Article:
How do Amber for Batteries' control features work and when would I use them?

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This explainer covers:

1. The different control options within SmartShift, incl.

  • What they allow you to do
  • Scenarios in which you might use them

2. Key considerations when using manual controls, incl. 

  • What exactly happens when you request to take manual control
  • Time delays

3. Common reasons manual controls might not work - or appear to not work

  • Trouble shooting common manual control issues

4. Non-SmartShift related reasons why you might not be able to take manual control

  • Scenarios in which your ability to take control might be limited by factors outside of Amber's control

 

1. Manual control options in SmartShift

With Amber for Batteries, your battery will be automated using our SmartShift automation technology. However, you will also have the option to manually control your battery if you choose, using the Amber app. 

These manual controls can be run for a pre-selected time period e.g. 30 mins, 60 mins, 90 mins. Note: For reasons explained further below, it is normal for manual control requests to take around 3-5 minutes to be executed from the time that you tap the button in the app.

Your manual control options include: 

Dispatch battery:

  • By opting to dispatch your battery, you are directing your battery to discharge energy. The goal of this is to export energy to the grid. Any energy dispatched during your manual intervention will be sold to the grid at the current market rate, unless your home has enough energy demand at that time to use the discharged energy, in which case it will be used by your home.

Example use case: You’ve seen a price spike in the app and you want to sell your power to make an extra buck. Hit dispatch and watch your earnings tick up! 

Charge battery: 

  • By opting to charge your battery, you can top up your battery’s reserve levels from the grid at times when you need some extra power. 

Example use case: You’re having some friends over for a Sunday lunch in the winter time. You want them to feel warm and cosy, so you decide to keep some extra power in your battery for use to keep the electric heater going when they arrive. 

Preserve battery: 

  • Hit Preserve Battery to ensure that your battery’s stored energy doesn’t dip below the current level for a certain period of time. Preserve Battery essentially cuts off your battery from your home and solar system, ensuring all excess solar gets sent to the grid, and you use grid energy for any home energy usage during that period.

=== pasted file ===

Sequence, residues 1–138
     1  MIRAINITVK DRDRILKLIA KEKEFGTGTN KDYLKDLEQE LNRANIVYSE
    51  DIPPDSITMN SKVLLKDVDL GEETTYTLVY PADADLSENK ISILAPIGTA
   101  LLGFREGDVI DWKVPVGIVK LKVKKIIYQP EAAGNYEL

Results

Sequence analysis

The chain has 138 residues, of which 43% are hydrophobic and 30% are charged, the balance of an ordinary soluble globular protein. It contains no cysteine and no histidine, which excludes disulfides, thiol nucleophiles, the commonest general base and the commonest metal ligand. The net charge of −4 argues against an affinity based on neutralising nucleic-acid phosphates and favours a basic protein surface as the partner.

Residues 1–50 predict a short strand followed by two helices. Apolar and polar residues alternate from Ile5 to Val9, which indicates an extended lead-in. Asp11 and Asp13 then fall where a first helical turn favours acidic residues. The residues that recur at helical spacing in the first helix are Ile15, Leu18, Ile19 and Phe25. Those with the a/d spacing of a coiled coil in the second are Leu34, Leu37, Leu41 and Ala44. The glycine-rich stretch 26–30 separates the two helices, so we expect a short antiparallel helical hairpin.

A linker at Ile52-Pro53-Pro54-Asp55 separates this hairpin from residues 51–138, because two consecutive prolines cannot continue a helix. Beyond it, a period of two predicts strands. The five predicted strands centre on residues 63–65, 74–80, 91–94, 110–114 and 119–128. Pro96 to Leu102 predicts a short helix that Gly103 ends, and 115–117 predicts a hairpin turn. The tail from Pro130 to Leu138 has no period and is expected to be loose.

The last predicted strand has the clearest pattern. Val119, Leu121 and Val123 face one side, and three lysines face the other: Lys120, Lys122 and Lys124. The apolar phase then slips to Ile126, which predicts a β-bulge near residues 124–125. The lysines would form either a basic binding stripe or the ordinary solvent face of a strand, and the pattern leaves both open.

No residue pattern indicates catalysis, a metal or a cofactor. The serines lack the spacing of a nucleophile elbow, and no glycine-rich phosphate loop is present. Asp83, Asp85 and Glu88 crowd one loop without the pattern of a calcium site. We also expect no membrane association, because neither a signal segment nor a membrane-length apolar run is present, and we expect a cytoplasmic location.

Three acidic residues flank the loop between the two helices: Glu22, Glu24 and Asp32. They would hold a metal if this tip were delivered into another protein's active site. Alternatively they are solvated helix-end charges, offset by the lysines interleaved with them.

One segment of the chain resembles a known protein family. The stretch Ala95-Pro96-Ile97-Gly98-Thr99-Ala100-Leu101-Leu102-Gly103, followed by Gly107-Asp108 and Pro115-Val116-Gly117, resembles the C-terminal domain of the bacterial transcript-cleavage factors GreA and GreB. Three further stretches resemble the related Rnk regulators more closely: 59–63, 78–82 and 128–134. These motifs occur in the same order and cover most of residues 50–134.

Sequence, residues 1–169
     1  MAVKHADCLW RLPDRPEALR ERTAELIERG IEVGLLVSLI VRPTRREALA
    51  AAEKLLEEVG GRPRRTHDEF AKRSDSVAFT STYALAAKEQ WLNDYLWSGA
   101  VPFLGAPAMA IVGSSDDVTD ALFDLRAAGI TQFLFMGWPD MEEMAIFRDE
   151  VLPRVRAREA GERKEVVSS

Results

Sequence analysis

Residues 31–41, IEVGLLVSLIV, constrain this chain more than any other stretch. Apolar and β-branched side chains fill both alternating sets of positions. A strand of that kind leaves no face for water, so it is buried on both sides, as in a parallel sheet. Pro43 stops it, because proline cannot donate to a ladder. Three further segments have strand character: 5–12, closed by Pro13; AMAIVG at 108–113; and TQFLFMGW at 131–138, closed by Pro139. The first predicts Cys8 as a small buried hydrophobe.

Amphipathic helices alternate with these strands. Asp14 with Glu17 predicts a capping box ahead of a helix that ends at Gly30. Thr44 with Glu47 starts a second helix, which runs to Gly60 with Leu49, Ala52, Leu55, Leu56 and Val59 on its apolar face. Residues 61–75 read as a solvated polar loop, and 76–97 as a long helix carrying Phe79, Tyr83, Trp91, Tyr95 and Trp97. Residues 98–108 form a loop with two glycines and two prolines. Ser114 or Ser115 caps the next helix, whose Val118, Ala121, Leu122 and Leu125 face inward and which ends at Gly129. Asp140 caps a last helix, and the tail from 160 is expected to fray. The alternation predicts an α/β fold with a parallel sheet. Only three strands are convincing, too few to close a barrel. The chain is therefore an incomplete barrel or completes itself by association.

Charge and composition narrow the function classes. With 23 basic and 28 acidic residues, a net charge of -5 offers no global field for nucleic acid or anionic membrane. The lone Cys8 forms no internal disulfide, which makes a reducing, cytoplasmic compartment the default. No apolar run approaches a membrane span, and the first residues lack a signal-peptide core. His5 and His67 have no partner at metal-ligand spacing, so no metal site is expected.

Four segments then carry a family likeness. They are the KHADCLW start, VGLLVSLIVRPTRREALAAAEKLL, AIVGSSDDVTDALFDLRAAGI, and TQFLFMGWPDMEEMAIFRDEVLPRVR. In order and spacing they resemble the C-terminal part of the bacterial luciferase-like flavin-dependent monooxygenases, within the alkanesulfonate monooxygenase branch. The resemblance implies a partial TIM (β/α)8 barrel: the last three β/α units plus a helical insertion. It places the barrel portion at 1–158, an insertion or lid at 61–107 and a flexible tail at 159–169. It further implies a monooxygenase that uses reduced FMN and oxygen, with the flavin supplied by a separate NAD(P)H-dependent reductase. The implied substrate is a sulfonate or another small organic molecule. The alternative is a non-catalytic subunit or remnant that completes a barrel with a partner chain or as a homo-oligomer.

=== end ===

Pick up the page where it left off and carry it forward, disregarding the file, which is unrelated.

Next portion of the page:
Example use case: Perhaps you’ve seen some bad weather on the horizon, and you’re nervous there could be a blackout, so you want to maintain your battery’s current level of charge. Alternatively, it’s early morning and you want to send your excess solar generation to the grid and get a higher FiT, rather than later when they may drop as the amount of solar in the grid rises. 

Another use case is for those with EVs, who can use Preserve Charge to avoid their EV draining their battery when it charges. Preserve Charge allows you to stop the energy in your battery getting transferred to their EV during charging, so you can instead choose to charge your EV from the grid when it’s green and cheap. 

Consume battery: 

  • Consume Battery stops SmartShift™ from charging your battery from the grid or discharging it to the grid. In other words, it makes your battery operate in self-consumption mode - its standard mode of operating. If your household energy consumption is greater than your solar generation, you’ll consume your battery power. If your solar generation is less than your energy consumption, your solar will get stored in your battery.

Example use case: Select Consume Battery if you don't want to charge from the grid, or discharge to the grid, but you still want to use your battery.

Note: After you deploy any of these control features, your battery will revert back to its daily automation plan. However, the plan will now dynamically adjust to take into account the impact of your intervention, ensuring that the new state of your battery is taken into account as it looks for the best way to minimise your energy costs for the rest of the day.

2. Key considerations when using manual controls:

Generally, SmartShift will automate your battery in line with your solar generation forecast, energy usage habits, and wholesale pricing to come up with the optimal times to charge and discharge your battery. 

Tapping one of SmartShift’s manual battery control buttons in the app is a request to override SmartShift’s automation plan for your battery.

From the moment you tap the control to when the action is executed, a series of events then occur to enable this override of SmartShift’s plan for your battery to take place. 

This includes SmartShift communicating your control request from the app to our integration partners (Tesla, Sungrow, SolarEdge, AlphaEss), who then pass on the command to your inverter, which may itself then take time to action the request.